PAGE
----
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On 07/05/18 14:15, MRAB wrote:
> On 2018-07-05 21:43, Jim Lee wrote:
>> On 07/05/18 12:58, Chris Angelico wrote:
>>> On Fri, Jul 6, 2018 at 4:27 AM, Jim Lee <jlee54 at gmail.com> wrote:
>>>> On 07/05/18 10:47, Calvin Spealman wrote:
>>>>> You say "pitfall", but I say "allow developers to focus on 
>>>>> higher-level
>>>>> problems and enable developers to specialize among tasks so every 
>>>>> single one
>>>>> of us doesn't have to be a jack of all trades just to build a todo 
>>>>> list
>>>>> app".
>>>> Sure, that's the *benefit*, but the benefit doesn't erase the 
>>>> *pitfall*.
>>>> It's the same as with any other convenience.? When a convenience 
>>>> becomes a
>>>> necessity, skill is lost.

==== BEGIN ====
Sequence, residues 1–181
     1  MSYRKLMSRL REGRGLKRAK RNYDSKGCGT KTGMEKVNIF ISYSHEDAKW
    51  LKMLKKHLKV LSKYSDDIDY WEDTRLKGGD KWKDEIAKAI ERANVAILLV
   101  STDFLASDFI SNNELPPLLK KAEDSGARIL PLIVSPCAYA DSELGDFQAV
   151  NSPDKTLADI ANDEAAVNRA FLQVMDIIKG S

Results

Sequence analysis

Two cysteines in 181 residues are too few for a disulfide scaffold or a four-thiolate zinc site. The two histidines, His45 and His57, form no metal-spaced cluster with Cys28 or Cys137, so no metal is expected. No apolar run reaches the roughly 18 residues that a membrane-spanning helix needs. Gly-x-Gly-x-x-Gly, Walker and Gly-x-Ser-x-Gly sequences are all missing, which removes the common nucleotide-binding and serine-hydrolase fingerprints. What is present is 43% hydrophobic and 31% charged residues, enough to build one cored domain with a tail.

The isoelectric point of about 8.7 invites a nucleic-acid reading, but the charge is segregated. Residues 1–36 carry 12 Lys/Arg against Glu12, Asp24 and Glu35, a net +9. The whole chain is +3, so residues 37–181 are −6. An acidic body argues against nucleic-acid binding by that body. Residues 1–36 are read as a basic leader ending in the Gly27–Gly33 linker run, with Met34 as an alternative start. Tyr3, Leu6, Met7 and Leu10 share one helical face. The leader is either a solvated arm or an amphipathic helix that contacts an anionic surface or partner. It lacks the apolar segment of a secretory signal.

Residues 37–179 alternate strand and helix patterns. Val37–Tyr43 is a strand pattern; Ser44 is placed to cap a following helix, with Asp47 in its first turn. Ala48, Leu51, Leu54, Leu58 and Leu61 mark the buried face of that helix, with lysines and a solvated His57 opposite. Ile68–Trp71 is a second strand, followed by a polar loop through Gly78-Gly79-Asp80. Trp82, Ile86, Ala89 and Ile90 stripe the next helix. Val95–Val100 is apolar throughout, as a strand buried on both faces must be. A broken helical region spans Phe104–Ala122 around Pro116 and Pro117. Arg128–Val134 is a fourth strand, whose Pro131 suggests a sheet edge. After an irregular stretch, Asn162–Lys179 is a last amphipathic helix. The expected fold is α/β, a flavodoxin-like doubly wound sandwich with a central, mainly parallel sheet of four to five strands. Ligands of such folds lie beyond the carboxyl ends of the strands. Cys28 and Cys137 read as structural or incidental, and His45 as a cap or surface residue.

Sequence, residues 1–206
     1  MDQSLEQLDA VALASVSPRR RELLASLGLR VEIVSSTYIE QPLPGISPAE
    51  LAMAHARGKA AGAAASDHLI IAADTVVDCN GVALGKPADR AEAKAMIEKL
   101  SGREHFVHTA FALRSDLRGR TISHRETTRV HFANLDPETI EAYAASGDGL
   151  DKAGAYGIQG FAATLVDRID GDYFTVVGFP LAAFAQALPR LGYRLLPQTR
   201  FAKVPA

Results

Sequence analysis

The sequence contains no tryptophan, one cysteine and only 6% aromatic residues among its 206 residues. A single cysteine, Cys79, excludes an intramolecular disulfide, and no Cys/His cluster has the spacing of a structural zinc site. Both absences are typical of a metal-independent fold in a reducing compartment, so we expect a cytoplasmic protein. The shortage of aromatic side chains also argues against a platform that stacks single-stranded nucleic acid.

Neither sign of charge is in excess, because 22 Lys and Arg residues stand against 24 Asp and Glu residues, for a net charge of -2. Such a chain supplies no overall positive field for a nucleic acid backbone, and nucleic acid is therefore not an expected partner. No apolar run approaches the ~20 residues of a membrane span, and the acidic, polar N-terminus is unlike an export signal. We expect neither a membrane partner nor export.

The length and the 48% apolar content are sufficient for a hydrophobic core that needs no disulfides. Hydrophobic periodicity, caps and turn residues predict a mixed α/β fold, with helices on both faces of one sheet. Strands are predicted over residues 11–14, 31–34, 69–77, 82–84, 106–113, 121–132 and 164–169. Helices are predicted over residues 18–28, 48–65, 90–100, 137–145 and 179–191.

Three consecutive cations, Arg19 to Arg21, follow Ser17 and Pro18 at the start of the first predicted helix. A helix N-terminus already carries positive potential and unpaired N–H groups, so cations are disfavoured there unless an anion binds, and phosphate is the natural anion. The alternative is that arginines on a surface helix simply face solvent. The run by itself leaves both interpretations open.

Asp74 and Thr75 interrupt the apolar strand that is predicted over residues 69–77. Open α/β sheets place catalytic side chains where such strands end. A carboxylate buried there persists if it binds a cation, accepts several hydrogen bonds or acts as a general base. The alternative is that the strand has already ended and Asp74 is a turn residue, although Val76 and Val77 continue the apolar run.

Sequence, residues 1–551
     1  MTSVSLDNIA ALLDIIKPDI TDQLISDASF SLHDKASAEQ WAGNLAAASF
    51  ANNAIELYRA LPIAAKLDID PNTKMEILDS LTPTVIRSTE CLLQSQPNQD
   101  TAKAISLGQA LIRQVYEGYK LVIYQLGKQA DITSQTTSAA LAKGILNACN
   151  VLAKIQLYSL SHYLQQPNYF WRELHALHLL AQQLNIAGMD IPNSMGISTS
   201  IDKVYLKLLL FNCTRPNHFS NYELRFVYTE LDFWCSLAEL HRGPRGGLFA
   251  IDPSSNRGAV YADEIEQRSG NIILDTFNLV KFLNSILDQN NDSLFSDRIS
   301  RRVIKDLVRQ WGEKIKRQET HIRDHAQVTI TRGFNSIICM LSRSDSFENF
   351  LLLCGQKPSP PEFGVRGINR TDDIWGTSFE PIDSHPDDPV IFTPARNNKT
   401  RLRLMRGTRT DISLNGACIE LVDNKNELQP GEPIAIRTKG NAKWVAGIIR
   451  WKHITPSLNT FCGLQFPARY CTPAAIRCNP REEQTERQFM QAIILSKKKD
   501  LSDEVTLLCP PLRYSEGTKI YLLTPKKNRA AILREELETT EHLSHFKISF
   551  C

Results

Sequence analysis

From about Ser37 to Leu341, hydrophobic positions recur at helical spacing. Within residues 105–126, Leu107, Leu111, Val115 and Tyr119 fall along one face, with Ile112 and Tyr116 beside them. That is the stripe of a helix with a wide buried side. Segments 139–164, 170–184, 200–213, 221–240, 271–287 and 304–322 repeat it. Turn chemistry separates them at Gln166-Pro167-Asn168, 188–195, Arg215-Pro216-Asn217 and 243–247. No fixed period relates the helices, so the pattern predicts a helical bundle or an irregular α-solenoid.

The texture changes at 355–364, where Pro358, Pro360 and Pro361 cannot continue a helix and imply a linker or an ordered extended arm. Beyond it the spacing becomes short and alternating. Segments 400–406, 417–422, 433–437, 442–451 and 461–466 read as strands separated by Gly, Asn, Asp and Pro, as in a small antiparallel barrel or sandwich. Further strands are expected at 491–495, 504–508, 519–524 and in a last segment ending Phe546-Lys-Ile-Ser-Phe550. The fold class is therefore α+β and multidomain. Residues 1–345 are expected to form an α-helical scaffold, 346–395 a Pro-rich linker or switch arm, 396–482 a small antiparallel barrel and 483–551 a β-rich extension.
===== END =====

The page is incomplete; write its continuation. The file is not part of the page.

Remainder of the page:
>>>> Take a village of people.? They live mostly on wild berries.? One 
>>>> day, a man
>>>> invents an automated way to sort good berries from poisonous 
>>>> berries.? Soon,
>>>> all the villagers take their berries to him to be sorted. The man 
>>>> dies, but
>>>> passes the secret on to his son before doing so.? This continues 
>>>> for a few
>>>> generations.? Eventually, the final descendant dies with no 
>>>> children, and
>>>> the secret vanishes.? Now, the entire village is clueless when it 
>>>> comes to
>>>> identifying the poisonous berries.
>>> I would respect your analogy more if every compiler used today were
>>> forty years old and not being developed by anyone other than its
>>> original creator(s).
>>> ChrisA
>> It's not about compilers - it's about skills.? As programming becomes
>> more and more specialized, it becomes harder and harder to find
>> programmers with a skill set broad enough to be adaptable to a different
>> task.
> Fortunately the berry-sorter is open-source!

Yes, that helps, as long as the reader is able to understand all the 
concepts and algorithms used...